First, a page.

Med. School Looks into Faculty Regulation
Administration Hopes New Programs Will Monitor Faculty Ties to Private Enterprise
Concern over the Medical School's ability to regulate its faculty grew last fall when one top administrator resigned after admitting to plagiarism, and an ophthalmology fellow was found to have misrepresented data results.
In the wake of these controversies, administrators emphasize their committment to improving the revolutionary "New Pathway" curriculum and to promoting student projects like the U.S.-Soviet exchange program currently in progress.
Last October, when ophthalmology fellow C. Scheffer Tseng was found to have misrepresented drug testing results while profiting from the drug's sale, critics questioned the Med School's ability to control researchers' ties to private enterprise.
Congressional and University committees are now investigating Tseng, his supervisor Associate Professor of Opthamology Kenneth R. Kenyon and other stockholders in the drug company.
University plans to channel industry-directed research through a centralized source, announced in the fall, have only heightened concern.
The proposed $30 million fund, called Medical Science Partners, will give "seed money" to promising but potentially risky Med School research projects. Harvard expects that the program, funded entirely by private sources, will start awarding grants this year.
While administrators say that Medical Science Partners will diffuse faculty conflicts-of-interest between research for knowledge and research for profit, others question the University's logic.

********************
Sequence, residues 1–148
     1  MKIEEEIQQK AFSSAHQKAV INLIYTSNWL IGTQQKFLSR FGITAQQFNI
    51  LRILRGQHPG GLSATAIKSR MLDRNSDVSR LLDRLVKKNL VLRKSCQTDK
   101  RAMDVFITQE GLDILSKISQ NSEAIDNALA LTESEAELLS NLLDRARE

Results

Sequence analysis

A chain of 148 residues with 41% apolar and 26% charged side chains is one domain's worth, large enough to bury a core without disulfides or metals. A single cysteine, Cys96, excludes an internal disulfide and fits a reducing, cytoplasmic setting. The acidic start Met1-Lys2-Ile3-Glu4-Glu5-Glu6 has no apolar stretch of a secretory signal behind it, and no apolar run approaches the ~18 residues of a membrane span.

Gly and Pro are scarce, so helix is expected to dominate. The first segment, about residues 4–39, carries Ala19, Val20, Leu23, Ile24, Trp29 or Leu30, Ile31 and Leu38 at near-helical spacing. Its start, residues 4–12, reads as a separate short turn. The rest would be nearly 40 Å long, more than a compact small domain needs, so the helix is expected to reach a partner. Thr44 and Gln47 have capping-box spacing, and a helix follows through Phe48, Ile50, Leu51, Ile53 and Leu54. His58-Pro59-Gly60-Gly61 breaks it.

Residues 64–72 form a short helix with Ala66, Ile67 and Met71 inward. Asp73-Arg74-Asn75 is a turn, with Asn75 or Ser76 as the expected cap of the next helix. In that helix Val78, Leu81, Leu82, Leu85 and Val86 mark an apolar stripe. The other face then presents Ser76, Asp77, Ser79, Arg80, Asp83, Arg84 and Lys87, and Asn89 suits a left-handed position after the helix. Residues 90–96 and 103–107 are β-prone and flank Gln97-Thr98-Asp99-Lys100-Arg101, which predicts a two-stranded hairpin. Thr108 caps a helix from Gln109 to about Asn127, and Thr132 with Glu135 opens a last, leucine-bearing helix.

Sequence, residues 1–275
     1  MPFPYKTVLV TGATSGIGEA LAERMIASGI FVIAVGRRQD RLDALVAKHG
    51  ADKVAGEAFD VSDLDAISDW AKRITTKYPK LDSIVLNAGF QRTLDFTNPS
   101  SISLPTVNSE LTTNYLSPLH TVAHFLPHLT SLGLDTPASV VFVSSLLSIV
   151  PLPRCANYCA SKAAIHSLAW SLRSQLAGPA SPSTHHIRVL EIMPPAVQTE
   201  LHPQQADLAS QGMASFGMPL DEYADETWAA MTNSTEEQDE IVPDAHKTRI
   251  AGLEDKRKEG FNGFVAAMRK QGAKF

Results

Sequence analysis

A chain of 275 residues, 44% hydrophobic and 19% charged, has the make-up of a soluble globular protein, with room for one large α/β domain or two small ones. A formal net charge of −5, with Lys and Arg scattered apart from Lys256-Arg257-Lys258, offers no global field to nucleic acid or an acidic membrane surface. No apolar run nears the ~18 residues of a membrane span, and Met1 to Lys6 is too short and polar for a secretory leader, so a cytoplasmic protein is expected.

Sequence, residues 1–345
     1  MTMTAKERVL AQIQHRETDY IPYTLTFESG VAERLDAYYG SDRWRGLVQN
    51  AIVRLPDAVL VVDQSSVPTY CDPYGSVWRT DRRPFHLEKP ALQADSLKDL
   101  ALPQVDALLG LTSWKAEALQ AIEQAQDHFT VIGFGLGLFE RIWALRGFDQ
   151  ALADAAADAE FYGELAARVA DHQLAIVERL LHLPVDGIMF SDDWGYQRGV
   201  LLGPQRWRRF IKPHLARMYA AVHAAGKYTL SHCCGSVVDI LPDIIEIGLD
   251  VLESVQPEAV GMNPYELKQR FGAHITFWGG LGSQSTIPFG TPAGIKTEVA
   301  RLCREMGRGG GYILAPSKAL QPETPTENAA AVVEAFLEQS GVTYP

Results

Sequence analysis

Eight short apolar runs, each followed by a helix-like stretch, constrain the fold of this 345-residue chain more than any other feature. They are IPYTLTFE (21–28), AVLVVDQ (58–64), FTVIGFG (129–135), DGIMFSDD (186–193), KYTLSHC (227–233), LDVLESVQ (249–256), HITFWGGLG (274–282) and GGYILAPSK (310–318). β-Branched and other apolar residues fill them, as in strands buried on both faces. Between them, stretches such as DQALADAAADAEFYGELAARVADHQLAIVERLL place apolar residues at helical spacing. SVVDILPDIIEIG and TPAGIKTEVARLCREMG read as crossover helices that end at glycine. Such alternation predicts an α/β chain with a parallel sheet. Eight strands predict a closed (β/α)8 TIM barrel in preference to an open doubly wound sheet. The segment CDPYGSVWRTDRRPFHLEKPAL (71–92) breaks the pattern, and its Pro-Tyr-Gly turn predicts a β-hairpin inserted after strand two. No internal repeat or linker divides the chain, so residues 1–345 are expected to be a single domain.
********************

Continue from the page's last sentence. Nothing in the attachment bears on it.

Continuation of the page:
"Tseng will be repeated over and over again if Harvard doesn't take steps to more stringently monitor its faculty's outside affairs," says Robert Weissman '89-'90, co-founder of the group Harvard Watch, which evaluates administration policies. "It's almost inevitable."
The Med School's ability to regulate the ethical standards of its faculty was questioned in another context when the director of Harvard-affiliated McLean Hospital Shervert H. Frazier resigned in December after admitting to plagiarism.
A group of 25 Soviet medical students arrived yesterday for a 10-day student-run exchange program. The students, from the Second Moscow Pirogov College of Medicine, will host Harvard Med students over spring break in Moscow.
The exchange grew out of New Pathway, a Med School curriculum implemented three years ago that encourages students to develop their own course of study. Administrators continue to expand the program with a third-year clerkship program and a course on patient-doctor relationships beginning this term.
Students and faculty remain divided over the merits of the approach.
The School of Public Health has new programs of its own, including the recently-formed AIDS Institute, the Harvard Alcohol Project and an international conference on competition and collaboration in science this spring.